What’s a Rich Text element?
The rich text element allows you to create and format headings, paragraphs, blockquotes, images, and video all in one place instead of having to add and format them individually. Just double-click and easily create content.
Static and dynamic content editing
A rich text element can be used with static or dynamic content. For static content, just drop it into any page and begin editing. For dynamic content, add a rich text field to any collection and then connect a rich text element to that field in the settings panel.
- my first list item
How to customize formatting for each rich text
Headings, paragraphs, blockquotes, figures, images, and figure captions can all be styled after a class is added to the rich text element using the "When inside of" nested selector
First, let's define what makes a good engineering team. Simply put, a good team delivers excellent results efficiently. It's not just about speed but also delivering the right things at the right time.
So, how can they achieve this? Let's break it down. Disclaimer: I won't delve deep into Tuckman's stages of group development; these are my thoughts from an organizational perspective.
The team members must be motivated professionals, capable of delivering high-quality results. To achieve this, we need a solid hiring approach. At Rebbix, we focus on culture fit, motivation, and tech skills during the hiring process. Another crucial factor is having insight into the high-level plans for the product's technical changes. Skilled engineers are drawn to interesting technical challenges. The hiring process should be led by someone with tech expertise who knows the product well. In our case, it's usually the engineering manager or tech lead.
Teamwork should be well-prioritized. I've seen many companies appointing PO/PM to handle prioritization down to the task level, and while this might work for small teams and short periods, it becomes infeasible as the team grows and technical complexity increases. As the team expands, so does the technical complexity, making the whole prioritization process unfeasible for one person, leading to inefficient resource allocation and missed deadlines. Our approach is to involve the team in prioritization as much as possible. When team members understand their goals, the product, and its limitations, they generate creative and efficient solutions.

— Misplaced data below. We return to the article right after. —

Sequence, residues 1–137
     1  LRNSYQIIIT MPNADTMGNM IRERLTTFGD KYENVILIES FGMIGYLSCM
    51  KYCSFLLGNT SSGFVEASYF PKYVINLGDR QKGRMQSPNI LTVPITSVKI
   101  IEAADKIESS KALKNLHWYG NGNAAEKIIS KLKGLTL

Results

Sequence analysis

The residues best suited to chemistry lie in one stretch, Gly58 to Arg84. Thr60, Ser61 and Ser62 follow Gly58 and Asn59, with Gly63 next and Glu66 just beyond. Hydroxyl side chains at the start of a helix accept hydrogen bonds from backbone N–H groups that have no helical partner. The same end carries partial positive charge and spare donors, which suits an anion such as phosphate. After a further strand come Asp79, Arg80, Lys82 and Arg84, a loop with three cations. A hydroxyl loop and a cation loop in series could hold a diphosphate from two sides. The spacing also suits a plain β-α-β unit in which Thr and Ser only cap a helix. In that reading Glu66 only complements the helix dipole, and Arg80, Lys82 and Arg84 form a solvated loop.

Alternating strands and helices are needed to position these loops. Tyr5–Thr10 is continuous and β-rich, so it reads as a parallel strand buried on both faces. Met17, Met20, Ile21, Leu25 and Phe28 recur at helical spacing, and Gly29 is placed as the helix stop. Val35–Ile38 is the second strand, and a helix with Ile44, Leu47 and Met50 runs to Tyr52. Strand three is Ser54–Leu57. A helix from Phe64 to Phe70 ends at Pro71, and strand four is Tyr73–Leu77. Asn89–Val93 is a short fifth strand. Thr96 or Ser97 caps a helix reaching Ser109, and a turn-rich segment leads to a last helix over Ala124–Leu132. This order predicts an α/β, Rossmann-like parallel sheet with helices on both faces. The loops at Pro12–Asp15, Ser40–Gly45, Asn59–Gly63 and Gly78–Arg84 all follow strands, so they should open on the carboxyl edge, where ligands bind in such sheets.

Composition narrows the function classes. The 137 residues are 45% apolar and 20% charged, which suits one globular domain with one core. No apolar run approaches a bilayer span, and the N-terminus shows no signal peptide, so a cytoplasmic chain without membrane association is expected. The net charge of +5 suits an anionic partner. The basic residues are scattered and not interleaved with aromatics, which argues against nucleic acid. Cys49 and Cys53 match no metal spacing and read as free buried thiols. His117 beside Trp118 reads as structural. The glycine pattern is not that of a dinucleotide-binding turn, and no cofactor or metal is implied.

At Rebbix, we often say we build "empowered teams," which means our teams have the authority to make decisions within their scope. "OK, let's make Team A responsible for the decisions on Project X" is a good starting point. It shows that upper management is willing to give power to the team. It was the case with Dreamlines, who gave us full authority in product management and technical decision making. As a result, we’ve quickly stabilized the system and achieved cost-efficiency, which was critical during post-pandemic times.
But in reality, power is not simply given; it's earned through action, determination, and a sense of responsibility. This requires a certain team culture where teammates are eager to contribute to business growth and feel responsible for their decisions.
An effective team should possess all the necessary capabilities to handle their tasks most of the time. While collaboration with different organizational units is important, certain critical functions like SEO or data analysis benefit from having dedicated experts within the team. For example, if the team frequently works with data, having a data analyst on the team is essential to avoid constant bottlenecks from the organization's data unit. We call this approach "vertical integration," similar to a supply chain arrangement.
Culture fit is the secret sauce - crucial but often overlooked. Given its vital importance, I will cover it in one of the next blog posts. Make sure to come over.